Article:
NVIDIA Intros CUDA 4 – Better Mac Support, Multi-Chip Sharing

Posted by at 10:53 am on February 28, 2011

NVIDIA today moved its general purpose GPU computing ahead on Monday with CUDA 4.0. The update focuses mostly on parallelism between graphics cards and multi-core processors. GPUDirect 2.0 now lets graphics chips on a local system talk directly to each other rather than have to pass through the processor. Multiple CPU cores can also now share their threads with a single graphics card, and a single processor core can speak to multiple graphics cards to offload multiple heavy tasks.

CUDA also now has a unified virtual memory space that both the main processor and graphics can use. Outside of sharing, it now has “added support” for Mac OS X, likely tied to cuda-gdb code. New code libraries can accelerate sorting by as much as 100 times as well as speed up the creation of apps that depend heavily on imaging to work.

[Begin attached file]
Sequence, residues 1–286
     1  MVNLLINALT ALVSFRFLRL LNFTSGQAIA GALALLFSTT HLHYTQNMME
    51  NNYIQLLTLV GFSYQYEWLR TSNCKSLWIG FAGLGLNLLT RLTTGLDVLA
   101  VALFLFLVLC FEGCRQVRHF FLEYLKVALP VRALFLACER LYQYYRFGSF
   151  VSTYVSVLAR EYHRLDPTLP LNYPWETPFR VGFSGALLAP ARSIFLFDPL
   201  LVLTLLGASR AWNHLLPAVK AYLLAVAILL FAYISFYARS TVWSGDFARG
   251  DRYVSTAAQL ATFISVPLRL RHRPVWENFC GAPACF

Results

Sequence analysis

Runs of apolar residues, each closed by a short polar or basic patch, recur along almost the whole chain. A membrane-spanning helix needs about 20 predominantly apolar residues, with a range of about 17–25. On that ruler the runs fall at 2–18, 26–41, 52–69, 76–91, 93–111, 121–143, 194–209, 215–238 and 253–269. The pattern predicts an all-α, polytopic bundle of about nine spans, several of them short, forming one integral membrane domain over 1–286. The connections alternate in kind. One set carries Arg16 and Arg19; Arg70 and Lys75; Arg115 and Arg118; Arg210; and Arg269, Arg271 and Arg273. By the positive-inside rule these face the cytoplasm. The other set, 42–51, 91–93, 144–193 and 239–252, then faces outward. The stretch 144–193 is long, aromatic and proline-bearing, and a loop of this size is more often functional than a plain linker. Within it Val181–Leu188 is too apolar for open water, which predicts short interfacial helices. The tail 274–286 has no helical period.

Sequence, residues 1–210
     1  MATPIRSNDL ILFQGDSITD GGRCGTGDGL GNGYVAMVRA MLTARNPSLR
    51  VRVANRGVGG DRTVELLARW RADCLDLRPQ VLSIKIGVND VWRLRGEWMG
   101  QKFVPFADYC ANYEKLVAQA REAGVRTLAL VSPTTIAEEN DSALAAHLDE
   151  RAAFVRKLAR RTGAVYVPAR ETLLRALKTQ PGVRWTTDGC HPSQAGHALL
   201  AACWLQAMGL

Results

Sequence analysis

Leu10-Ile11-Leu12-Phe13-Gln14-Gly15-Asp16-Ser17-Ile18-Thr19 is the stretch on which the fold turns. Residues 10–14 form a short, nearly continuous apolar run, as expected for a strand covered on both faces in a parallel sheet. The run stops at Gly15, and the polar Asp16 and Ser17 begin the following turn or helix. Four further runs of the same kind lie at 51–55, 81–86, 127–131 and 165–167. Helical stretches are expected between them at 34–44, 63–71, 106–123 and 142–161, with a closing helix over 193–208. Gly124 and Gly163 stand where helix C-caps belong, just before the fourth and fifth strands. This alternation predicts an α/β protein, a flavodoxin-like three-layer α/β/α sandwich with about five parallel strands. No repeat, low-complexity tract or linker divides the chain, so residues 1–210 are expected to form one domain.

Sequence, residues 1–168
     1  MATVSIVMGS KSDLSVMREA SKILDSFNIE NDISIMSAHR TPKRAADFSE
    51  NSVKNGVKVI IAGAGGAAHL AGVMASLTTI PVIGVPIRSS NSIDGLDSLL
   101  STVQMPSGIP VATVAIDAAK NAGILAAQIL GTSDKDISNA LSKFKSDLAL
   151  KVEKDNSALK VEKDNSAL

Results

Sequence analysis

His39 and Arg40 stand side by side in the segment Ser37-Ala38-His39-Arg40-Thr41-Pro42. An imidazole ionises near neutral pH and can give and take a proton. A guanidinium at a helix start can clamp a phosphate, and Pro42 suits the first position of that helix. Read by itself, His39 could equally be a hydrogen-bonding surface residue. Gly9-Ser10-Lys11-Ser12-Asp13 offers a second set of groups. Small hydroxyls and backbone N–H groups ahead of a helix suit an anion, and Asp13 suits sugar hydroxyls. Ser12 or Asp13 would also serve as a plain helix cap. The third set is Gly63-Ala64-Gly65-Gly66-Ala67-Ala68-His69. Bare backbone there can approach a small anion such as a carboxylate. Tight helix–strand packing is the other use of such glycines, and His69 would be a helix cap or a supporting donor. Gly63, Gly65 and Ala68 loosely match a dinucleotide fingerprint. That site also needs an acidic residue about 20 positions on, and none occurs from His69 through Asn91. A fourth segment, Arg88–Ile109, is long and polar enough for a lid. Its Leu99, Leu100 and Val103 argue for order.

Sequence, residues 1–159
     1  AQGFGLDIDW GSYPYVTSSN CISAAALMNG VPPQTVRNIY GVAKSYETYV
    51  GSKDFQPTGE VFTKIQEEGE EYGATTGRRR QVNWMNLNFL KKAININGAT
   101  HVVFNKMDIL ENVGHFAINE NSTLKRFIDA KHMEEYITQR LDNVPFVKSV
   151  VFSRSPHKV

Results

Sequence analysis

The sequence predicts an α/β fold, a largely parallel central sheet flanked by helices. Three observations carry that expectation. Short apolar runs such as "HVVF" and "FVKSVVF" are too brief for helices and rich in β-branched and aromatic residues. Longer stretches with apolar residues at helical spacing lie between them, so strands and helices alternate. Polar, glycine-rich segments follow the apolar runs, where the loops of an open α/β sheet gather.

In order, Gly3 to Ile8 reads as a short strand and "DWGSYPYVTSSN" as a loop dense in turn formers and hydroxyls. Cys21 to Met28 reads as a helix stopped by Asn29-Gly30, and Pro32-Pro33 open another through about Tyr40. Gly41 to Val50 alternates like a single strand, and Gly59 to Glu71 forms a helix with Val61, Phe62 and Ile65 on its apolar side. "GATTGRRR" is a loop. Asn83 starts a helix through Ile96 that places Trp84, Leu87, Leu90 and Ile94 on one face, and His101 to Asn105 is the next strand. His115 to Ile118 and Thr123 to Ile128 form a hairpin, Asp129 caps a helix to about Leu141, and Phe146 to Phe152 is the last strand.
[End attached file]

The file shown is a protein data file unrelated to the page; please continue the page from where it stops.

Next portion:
For those of you who heads are spinning reading this, in short this tech lets the NVIDIA graphics cards processors, AKA GPUs, to do tasks in the past that only the CPU of the machines would do.  By off loading that work you get faster performance witht he same hardware. In some cases some of those tasks that GPU can even do better than the CPU.  Adobe uses CUDA in Premiere Pro to get have fluid, real-time video editing experience for example.
A near-final, release candidate version of the CUDA 4.0 toolkit is due to be posted for free on March 4. NVIDIA hasn’t said when it expected the code to go final. CUDA is NVIDIA’s proprietary general purpose code and only accelerates calculations on GeForce cards.

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